The hide is perfectly situated amongst tall trees with the waterhole in front, the water’s edge not further than 20 meters away. Except for hoards of doves coming for an early evening drink not many animals around, a lone vervet monkey has a quick drink before it scampers away.
Suddenly a movement in the shrubs on the opposite banks attracts our attention, the shadowy shapes weave in and out of the grass and shrubs. It has a pig like silhouette, a little different to warthog. Excitement builds, they are moving towards a clearing with bright sunlight. I hope it is what I am thinking; it would be a first for me and SO. They eventually reach the clearing….our first bush pigs in the wild and in broad daylight…what a fantastic sighting. Farmers, especially potato farmers see them as a pest and hunt them relentlessly, hopefully not into extinction. My favourite hog also visited briefly. Too soon it was time to return to camp, to a very noisy and annoying camp but I said enough about that in the Mapungubwe thread.

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While we were preparing dinner this little fellow arrived with a blur of speed and settled in the tree opposite our tent. The light was bad but I managed to get a few shots using the flash. These are my best attempts. I am not a very knowledgeable birder and the best I could do with the id is a toss-up between a shikra or the little sparrow hawk. What confuses me is the very white throat which looks very different in my SASOL Bird book…please help

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The steak was perfect as was the visit by the bush babies in the tree above our tent….every now and then a very irritable elephant vented his frustration with loud screaming trumpeting…SO and I wondered if it could be the electric fence protecting the adjacent farms that could be the cause of his outbursts

Soon I drifted away helped along by exhaustion of a long day on the road…500km in total from Letaba to Mapungubwe

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You are younger today than you ever will be again. Make use of it for the sake of tomorrow.
-Anonymous


Last edited by vlakvarksegat on Tue Jul 12, 2011 6:02 am, edited 5 times in total.

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 Post subject: Re: Malalane to Mapungubwe and back Balule and Satara inbetw
Unread postPosted: Tue Jul 12, 2011 10:04 pm 
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We wake with anticipation; a whole new world waits to be explored…..and we only have one day. Birdcalls echo through the tall trees, guinea fowl announce the arrival of the day with a flurry of wings, tumbling to the ground from where they were roosting in the branches. They chase each other boisterously, stopping suddenly in a spurt of dust, stretching upwards standing on tip-toes flapping their wings vigorously. Others scuttle sideways, spreading their wings towards the ground using their clawed toes to make a rattling sound as they display their dominance over the younger fowl. In the early morning sun, they kick up little dust storms as they scratch the ground to unearth insects and seeds.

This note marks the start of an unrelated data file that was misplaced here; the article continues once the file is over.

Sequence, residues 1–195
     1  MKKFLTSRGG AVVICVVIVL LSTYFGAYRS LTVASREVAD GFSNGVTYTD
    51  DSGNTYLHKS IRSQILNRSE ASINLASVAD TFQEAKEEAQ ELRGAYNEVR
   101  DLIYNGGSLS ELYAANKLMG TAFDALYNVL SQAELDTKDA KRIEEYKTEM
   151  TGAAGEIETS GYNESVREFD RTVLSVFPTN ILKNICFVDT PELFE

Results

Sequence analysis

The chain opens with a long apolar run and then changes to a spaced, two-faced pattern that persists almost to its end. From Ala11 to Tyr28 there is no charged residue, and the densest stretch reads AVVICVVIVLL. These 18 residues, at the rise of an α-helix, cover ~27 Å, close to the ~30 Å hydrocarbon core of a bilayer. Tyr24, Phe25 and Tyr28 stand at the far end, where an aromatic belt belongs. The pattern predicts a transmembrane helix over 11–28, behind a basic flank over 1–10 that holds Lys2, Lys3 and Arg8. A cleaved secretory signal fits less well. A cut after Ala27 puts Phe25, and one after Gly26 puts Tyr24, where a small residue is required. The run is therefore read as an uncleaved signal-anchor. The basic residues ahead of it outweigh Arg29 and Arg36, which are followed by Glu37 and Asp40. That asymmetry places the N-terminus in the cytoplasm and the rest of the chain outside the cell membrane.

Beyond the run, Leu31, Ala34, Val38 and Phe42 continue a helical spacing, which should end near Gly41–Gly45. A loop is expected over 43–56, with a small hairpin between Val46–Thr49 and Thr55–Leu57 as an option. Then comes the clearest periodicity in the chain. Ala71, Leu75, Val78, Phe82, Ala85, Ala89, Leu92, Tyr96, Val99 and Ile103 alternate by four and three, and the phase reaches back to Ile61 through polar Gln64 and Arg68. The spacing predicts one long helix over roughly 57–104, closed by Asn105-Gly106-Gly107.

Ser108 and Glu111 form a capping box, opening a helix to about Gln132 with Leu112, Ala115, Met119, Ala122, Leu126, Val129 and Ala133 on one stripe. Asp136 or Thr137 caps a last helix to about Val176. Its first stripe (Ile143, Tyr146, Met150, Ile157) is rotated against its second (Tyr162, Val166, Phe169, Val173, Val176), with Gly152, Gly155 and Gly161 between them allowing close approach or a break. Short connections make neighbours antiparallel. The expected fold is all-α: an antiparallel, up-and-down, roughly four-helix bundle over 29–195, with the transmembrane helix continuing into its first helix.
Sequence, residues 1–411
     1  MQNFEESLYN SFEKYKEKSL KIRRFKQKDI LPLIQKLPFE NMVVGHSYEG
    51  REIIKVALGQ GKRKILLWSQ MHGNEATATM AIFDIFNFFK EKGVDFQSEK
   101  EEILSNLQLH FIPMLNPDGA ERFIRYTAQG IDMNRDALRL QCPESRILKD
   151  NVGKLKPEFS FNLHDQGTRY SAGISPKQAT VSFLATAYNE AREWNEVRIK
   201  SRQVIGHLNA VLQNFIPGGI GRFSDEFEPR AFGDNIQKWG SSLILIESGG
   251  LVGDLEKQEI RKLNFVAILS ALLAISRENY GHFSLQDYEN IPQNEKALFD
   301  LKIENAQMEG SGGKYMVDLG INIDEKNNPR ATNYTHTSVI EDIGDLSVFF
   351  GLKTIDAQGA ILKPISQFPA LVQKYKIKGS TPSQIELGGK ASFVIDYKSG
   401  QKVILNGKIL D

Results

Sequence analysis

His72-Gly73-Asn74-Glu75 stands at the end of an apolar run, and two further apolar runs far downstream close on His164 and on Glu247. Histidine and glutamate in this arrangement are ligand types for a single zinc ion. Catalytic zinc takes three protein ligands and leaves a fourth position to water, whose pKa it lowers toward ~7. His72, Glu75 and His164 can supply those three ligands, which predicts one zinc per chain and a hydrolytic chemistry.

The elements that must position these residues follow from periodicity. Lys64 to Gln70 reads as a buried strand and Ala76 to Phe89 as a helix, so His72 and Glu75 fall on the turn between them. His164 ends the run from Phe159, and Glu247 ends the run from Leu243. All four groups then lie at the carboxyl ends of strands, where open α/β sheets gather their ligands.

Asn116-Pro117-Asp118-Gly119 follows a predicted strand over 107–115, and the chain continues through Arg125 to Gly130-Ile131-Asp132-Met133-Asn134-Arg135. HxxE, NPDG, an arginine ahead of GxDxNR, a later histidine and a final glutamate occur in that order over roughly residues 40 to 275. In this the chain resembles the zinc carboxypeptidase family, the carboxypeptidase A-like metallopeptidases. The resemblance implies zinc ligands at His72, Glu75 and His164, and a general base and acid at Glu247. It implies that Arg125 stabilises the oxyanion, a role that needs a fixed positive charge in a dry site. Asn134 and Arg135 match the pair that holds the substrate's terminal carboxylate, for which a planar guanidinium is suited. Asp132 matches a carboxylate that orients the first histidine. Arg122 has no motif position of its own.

Around the corner of this commotion, who shall we find loafing under a thorn tree?? RP of course, can’t go any ware without him lurking around. He rebuffed our invitation to join us for the day and instead sauntered after females who were disappearing in the distance.

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This morning we exit through the ZZ2 farmlands and join the tar road just south of Pontdrif border post to Botswana. We follow the tar road to the main gate. The available maps are poor quality photo copy, nothing like the KNP maps. Fortunately there are not many roads and the chances of getting lost is slim.

The receptionist warns us against traveling 4x4 roads without a proper vehicle but another lady in reception advises that if I know what I’m doing and have high clearance and a diff lock, I will have no problem. This advice though is only applicable to 4x4 routes in the main area and not pre-booked routes. With a “we’ll be careful” we enter the unknown. We have a picnic basket packed for brunch at the confluence and head of in the general direction of the picnic area. The first 100 meters reminds of typical Mopani veld but soon changes dramatically. Huge baobabs stand watch over ancient red rocky outcrops. Around every bend, a whole new vista reveals itself; the horizons stretch as far as the eye can see. The Limpopo river slithers silently eastward among a green belt of fever tree forest.
The roads angles steeply down and winds its way onto the flood plains of the Limpopo River where one is invited to stroll through the forest at tree top level. This place is a must visit. Squirrels abound and birds flit through the trees like flashes in the sunlight. The tock tock of woodpeckers on dry stumps echo loud through the leafy canopy, if one keeps still long enough, you can see them dart up and down the tree trunks searching for hidden larvae. Suddenly an unfamiliar face peeps from behind a branch in a fever tree; it’s a parrot but not brown headed. It bobs up and down and I can’t get a clear view of it and flies away just before I can take its photo. I get a clear view of it in flight and I realise I have just seen my first Meyer’s parrot.
I don’t have enough words to describe this magical place; I hope the photos will do it justice!